I'm 5'11 so the Street is a little on the small side for me.
Me too. My solution is highway pegs and possibly forward controls in the future...and I bought a Sportster with forward controls.
One of your other posts alerted me to the new Pan America bike Harley is making. 1250cc is a little tall for a commuter bike. And knobby tires aren't necessary for most people. But I'm curious if they make a model with less displacement and street tires at some point.
The modular engine used in the Pan America and Street Fighter is to be produced in 500, 750, 975(?) and 1250cc sizes. That gives us some hope that H-D will make the various bikes in assorted sizes.
The available Pan America images are of a pre-production bike, so it may come with a much milder tire than is being shown. Assuming it isn't an oddball tire size you may be able to swap it out yourself and keep the knobbies around as spares.
This is interesting. I've been putting the high octane in my Street. Is it really necessary? (I thought it was)
The service guy who briefed me before taking my bike home told me to use 91 octane, but when I brought that up here Gaijin pointed out that the manual says regular gas is fine. At the time I was having problems finding high octane gas along one route to my home in the country is why I brought that up as an issue.
The V-Strom also has way better performance specs which is nice.
Yea, I've ridden a V-Strom and the SV650. Our bikes don't really perform that well compared to some of the others on the market with the same or even smaller displacement. I'm reasonably certain that H-D's business model is to produce bikes with substandard performance in order to push Screaming Eagle mods.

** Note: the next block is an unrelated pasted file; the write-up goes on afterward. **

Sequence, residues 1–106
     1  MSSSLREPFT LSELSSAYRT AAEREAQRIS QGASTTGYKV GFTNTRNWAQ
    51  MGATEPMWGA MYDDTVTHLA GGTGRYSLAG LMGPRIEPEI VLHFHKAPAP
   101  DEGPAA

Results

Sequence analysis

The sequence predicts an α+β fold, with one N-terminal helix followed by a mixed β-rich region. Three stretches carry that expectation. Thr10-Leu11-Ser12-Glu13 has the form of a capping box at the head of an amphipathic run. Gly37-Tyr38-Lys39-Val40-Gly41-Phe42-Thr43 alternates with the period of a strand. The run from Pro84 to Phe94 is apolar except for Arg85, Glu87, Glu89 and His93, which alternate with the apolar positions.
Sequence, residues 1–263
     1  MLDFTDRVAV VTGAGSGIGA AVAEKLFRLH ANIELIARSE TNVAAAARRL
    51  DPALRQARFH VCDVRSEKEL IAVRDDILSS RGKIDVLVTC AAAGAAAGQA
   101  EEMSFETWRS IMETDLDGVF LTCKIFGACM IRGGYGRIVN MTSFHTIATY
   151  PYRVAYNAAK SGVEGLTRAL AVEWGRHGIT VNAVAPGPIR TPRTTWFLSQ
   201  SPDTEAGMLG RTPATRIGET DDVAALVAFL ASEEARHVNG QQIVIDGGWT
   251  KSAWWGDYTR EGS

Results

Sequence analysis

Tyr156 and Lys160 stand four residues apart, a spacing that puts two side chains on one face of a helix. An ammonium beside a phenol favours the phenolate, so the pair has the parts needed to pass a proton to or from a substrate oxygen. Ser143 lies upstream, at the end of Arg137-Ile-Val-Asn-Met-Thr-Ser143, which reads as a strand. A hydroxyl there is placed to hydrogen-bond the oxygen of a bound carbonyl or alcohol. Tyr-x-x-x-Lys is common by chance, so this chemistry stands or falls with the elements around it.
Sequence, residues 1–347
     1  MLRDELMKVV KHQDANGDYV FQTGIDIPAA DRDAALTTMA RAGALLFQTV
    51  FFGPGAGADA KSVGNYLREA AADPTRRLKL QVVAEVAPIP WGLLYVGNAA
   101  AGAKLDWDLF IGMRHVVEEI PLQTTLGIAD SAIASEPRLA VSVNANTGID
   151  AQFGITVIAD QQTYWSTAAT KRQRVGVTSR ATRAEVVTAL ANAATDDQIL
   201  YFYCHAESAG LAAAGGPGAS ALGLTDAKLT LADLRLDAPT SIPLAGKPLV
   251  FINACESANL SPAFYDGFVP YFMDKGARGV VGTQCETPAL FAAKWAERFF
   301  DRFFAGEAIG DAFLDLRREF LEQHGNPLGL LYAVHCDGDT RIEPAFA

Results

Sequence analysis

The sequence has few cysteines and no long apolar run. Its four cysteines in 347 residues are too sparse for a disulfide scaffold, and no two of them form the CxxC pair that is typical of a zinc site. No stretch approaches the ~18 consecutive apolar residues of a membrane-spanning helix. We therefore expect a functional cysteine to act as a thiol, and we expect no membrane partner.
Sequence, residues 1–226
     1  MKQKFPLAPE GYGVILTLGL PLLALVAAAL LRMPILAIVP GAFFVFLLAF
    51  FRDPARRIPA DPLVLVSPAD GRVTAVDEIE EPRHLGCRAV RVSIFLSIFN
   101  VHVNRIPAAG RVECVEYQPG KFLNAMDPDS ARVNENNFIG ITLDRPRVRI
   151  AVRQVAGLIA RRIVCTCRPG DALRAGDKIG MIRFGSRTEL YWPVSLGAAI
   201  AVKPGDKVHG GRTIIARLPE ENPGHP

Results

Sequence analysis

The chain drive is a bit of the issue. I did not know about that. I did have to replace the drive belt on my Street.... I bought a low miles used one on eBay and changed it myself. It was an Saturday afternoon job, but I did have to take apart half the bike to change it. Typically the belt should last a really long time though, which I prefer to oiling a chain.
That's why the off road guys prefer chains. They can use a chain breaker to remove the busted link, thread the chain through the works with little or no disassembly, and press the rivets into a new master link in short order by the side of the trail. The trade off is the time needed cleaning and oiling the chain.
There are V-Strom belt drive conversion kits available. Expect to drop between $1,000 and $1,500 for one. I ran into the same thing when I was lusting after a Triumph Speedmaster.
We have two Harley dealerships. One in the north and one in the south. They are very proud of their work though, so I end up doing nearly all of it myself.
I asked about dealership when I didn't know how you were using the bike. My use cases are commuting, just like you, and trips from work to my home 175 miles away. It's a comfort on the longer trips that I've got a dealership that knows about my bike along the way. Not a big deal for the local commute.
The independent Harley shops are geared towards air cooled bikes. I doubt they see many streets.
I'd be tempted to go into some of those shops and ask them to quote installing a mod or doing some other customization. That's not so much because I want them to do the work but to see how receptive they are to working on your bike. If they are cool about it, I would know I had options. If they were jerks, I'd know not to go back.
There are a large number of competing shops for Japanese bikes.
My dealer does the scheduled maintenance, I do the bolt on mods, and my local Kawasaki dealer handles anything else.
Harley is really struggling right now.... The Pan America bike you mentioned gives me hope. That looks like a step in the right direction.
Most of us don't want to admit that H-D is a big fish in a small pond. They own the cruiser motorcycle market in the United States. They are a dominant force here, but if they aren't making small (250cc and smaller) motorcycles, scooters, and ebikes they aren't a player in a lot of the world market. They need to get some traction in other market segments or the future is bleak. Part of the problem is the disdain that the shrinking number of Harley Faithful have for anything that's not a jumbo cruiser. They howl that the company has lost its way if it does anything for anybody that isn't them.